The US State Department on July 16 said it was working with Nato ally Turkey on the potential sale of a Raytheon Co Patriot missile defence system to render Ankara's planned purchase of a Russian-made S-400 system unnecessary.
Tina Kaidanow, Acting US Assistant Secretary of State for Political-Military Affairs, was reported by Reuters as telling journalists at the Farnborough Airshow in England that US officials were “trying to give the Turks an understanding of what we can do with respect to Patriot”.
Turkey passed on the Patriot system twice in its selection process, first choosing a Chinese system, then turning to the Russian S-400 system in 2017. US and Nato officials have repeatedly warned Ankara that the Russian system cannot be integrated into the Nato air and missile defence system, while its purchase would jeopardise Ankara’s acquisition of Lockheed Martin F-35 fighter jets. Turkey has so far angrily rejected calls from US senators for the scrapping of the planned S-400 acquisition.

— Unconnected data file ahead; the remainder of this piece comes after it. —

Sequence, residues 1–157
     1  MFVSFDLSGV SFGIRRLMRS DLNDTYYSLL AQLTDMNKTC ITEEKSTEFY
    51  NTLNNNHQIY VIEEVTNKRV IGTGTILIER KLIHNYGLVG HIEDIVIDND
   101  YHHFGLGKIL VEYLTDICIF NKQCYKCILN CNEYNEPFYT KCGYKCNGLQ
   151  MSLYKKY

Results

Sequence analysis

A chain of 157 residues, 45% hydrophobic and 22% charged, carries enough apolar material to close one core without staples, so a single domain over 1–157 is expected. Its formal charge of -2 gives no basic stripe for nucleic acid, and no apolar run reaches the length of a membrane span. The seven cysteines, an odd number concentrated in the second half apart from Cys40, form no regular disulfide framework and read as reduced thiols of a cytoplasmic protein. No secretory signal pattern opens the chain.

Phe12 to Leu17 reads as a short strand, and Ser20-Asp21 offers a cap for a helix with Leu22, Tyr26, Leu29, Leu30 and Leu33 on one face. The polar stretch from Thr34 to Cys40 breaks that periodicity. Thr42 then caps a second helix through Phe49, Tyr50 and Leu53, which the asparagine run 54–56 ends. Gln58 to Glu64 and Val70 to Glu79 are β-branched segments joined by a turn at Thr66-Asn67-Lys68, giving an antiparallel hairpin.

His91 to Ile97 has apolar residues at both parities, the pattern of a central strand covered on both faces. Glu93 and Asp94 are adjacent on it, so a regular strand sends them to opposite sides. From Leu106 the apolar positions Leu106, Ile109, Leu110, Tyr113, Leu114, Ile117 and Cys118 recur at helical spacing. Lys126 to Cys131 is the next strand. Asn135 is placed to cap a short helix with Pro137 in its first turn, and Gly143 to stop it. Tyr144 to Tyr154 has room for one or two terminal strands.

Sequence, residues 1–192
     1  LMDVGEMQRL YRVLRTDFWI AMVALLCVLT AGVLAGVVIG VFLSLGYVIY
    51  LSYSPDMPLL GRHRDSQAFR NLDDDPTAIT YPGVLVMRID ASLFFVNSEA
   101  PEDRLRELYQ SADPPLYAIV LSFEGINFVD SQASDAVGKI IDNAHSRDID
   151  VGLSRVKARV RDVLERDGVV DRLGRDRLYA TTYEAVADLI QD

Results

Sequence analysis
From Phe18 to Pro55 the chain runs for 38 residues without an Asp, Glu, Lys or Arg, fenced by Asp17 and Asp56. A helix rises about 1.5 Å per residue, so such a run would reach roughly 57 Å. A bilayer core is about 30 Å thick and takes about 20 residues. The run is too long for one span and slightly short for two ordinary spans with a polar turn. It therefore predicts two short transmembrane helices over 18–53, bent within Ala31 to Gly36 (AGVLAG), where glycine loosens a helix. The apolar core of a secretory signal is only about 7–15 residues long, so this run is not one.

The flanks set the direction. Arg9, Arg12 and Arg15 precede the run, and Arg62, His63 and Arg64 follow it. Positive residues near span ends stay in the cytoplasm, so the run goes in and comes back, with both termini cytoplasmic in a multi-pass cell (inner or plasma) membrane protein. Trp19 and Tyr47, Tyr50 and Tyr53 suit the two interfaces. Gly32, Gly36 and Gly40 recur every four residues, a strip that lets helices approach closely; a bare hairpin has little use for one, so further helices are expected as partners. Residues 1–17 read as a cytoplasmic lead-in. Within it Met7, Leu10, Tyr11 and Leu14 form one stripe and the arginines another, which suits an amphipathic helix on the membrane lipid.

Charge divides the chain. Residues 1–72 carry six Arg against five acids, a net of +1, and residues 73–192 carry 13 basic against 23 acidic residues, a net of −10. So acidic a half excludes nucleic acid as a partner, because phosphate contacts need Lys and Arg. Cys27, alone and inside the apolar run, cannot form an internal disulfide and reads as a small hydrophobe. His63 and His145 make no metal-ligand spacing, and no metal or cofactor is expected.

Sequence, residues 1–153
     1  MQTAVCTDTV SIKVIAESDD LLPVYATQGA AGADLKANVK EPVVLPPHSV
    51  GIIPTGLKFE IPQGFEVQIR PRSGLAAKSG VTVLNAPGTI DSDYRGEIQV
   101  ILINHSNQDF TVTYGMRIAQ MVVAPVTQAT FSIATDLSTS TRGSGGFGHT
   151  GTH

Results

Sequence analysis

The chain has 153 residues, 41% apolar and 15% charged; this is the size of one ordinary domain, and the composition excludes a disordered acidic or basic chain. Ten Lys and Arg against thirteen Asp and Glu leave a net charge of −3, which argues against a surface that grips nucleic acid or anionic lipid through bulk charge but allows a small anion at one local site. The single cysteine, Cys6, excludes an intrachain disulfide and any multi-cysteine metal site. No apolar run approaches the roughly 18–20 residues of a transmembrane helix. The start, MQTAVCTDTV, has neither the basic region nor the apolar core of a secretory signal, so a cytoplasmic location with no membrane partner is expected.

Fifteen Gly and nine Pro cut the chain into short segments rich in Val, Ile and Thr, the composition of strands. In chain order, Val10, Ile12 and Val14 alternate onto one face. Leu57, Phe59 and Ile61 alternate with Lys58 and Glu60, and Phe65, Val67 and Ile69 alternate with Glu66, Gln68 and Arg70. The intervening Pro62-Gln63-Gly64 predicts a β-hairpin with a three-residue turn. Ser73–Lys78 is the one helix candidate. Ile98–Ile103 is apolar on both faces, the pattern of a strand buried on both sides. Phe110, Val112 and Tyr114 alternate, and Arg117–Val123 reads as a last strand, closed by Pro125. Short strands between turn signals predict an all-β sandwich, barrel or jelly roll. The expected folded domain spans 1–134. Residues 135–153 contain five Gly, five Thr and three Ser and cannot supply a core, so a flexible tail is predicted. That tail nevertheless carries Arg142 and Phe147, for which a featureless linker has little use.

Assistant Secretary of Defence Kevin Fahey, the Pentagon’s most senior official weapons buyer at the Farnborough event, reportedly told press at the show that “Turkey has had an interest in Patriot, so we’ve been working for a while how we can make that work.”
Kaidanow said Washington was worried that US allies purchasing Russian systems would support “some of the least good behaviour that we have seen from them [Russia] in various places including Europe but also elsewhere.” She said Washington wanted to ensure that systems acquired by US allies “remain supportive of the strategic relationship between us and our allies, in the case of Turkey that is Patriots.”
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